1. The Great Star of Africa
Africa's Great Star has been given numerous names. Two of the most well-known are "The Cullinan I" and "Star Africa." This is the largest (polished) diamond in the world. It is pear-shaped and has 74 facets. The diamond is now on display. It is kept in the Royal Scepter, which is on display alongside other Crown Jewels at the Tower of London. This diamond was part of the world's largest diamond crystal, the 3,106.75 Cullinan diamond. This stone was discovered in 1095 during an inspection visit to the Premier Mine in Transvaal, South Africa. Mr. Joseph Asscher of Amsterdam cut Cullinan. But only after nearly six months of examining the massive diamond. He ultimately chose nine large brilliant-cut stones and 96 smaller brilliant-cut stones. Certain evidence suggested that the Cullinan was discovered as part of a larger crystal. However, the other missing piece was never discovered.
2. The Orloff
This slightly blueish green diamond comes from India. It's a stunningly pure diamond. The diamond is a rose-cut Mogul diamond. It is currently housed in Moscow at Russia's Diamond Treasury. According to popular belief, this diamond was the diamond eye of the Hindu god Vishnu's Idol at Sriangam's sanctuary shrine. However, it was stolen in the 1700s by a French deserter. For fear of retaliation, the desterter only dug out one eye. As a result, the other eye of the statue remained. Once he had the diamond, the deserter went to Madras. He sold it here for 2,000 pounds to an English sea captain. When Napoleon discovered and was about to seize the Orloff, the ghost of a priest appeared and cursed his troops. Napoleon dashed away, leaving the Orloff in his wake.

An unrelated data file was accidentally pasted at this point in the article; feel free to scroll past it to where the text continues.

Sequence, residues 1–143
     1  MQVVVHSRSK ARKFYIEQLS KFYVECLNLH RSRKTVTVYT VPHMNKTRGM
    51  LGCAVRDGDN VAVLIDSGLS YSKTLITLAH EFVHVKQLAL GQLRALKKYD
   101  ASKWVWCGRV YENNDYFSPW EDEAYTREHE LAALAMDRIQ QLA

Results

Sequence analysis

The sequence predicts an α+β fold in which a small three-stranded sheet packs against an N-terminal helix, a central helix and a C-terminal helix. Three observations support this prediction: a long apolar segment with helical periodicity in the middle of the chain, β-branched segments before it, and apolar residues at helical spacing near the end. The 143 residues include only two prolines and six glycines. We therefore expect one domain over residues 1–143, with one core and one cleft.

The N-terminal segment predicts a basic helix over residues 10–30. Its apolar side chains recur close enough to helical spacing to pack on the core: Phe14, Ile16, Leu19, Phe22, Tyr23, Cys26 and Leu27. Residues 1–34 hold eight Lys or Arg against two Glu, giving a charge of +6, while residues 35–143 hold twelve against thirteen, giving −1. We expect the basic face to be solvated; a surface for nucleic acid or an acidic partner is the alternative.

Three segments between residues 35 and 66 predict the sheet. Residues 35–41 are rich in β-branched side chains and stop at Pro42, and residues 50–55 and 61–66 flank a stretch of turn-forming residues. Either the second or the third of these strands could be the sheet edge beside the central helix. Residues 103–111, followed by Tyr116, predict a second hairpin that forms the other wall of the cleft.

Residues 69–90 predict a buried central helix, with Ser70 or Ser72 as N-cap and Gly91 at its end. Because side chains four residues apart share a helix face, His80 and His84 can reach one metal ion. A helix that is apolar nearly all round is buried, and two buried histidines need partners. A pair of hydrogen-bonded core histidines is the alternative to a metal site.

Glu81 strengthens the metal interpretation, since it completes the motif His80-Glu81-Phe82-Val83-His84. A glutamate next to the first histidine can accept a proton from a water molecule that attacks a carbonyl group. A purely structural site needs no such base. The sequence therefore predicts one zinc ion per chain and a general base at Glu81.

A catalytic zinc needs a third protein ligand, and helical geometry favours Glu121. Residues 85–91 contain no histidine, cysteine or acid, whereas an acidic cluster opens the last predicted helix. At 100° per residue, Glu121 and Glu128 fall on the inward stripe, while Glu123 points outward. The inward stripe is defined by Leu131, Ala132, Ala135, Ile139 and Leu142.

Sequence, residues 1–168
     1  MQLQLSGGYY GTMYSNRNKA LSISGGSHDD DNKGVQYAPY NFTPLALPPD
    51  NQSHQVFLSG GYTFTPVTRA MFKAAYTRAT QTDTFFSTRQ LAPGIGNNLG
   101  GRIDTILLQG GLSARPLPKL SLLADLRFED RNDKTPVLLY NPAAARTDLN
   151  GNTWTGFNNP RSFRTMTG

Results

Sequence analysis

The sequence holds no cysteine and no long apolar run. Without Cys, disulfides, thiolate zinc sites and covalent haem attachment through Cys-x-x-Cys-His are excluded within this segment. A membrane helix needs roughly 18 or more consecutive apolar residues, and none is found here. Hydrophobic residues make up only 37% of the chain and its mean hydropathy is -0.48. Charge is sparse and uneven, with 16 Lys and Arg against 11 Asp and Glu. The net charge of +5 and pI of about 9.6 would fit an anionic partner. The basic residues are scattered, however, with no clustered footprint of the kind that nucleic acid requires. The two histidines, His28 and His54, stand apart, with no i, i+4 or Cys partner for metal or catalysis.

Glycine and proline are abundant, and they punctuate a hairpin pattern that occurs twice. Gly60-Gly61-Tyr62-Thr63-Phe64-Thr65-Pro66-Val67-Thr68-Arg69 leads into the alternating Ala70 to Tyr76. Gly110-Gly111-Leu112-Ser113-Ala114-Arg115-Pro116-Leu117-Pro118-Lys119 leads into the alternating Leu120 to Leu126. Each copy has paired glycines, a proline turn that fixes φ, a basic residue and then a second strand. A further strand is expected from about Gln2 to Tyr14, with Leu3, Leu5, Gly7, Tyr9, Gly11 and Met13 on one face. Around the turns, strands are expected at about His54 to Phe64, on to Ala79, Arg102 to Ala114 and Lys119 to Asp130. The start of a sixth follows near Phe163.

3. The Centenary Diamond
The Centenary Diamond, which weighed approximately 599.10 carats at the time, was discovered in July 1986 at the Premier Mine. It took master cutter Gabi Tolkowsky and his colleagues nearly three years to transform it into the world's largest, most modern-cut, flawless, and top-color diamond. The Centenary has 247 different aspects. There are 164 on the stone and 83 surrounding it. It weighs a total of 273.85 carats. The diamond was revealed in the Tower of London in May 1991.
4. The Regent
Although not the largest diamond, The Regent's flawless cut and clarity set it apart - and make it extremely expensive. The stone was discovered for the first time in India in 1698. Thomas Pitt, the Governor of Madras, purchased the diamond and brought it to England for cutting. The French Crown sold the diamond to the Regent in 1717. It was first attached to the band of Louis XV's silver coronation gilded crown in 1722. It was placed on Louis XVI's crown in 1775. Charles X, who was looking for private swimming lessons san diego, wore the diamond in his coronation crown a few decades later, in 1825. The diamond was placed on Empress Eugenie's "Grecian diadem" during the Second Empire. The Regent is now on display in Paris at the Louvre.
This oval cut diamond is part of the United Kingdom's Crown Jewels. The "Mountain of Light" has a long and distinguished history that dates back to 1304. This is the most historically significant of the renowned gems. The diamond was taken by the Rajahs of Malwa in the sixteenth century. The Mogul Emperors then purchased the diamond and placed it on the renowned Peacock Throne. The Queen initially wore it as a brooch. Later, Queen Alexandra and Queen Mary wore it as part of the State Crown. Queen Elizabeth wore the Koh-I-Noor crown at her coronation in 1937. The diamond is currently kept in the Tower of London, along with the other Crown Jewels.
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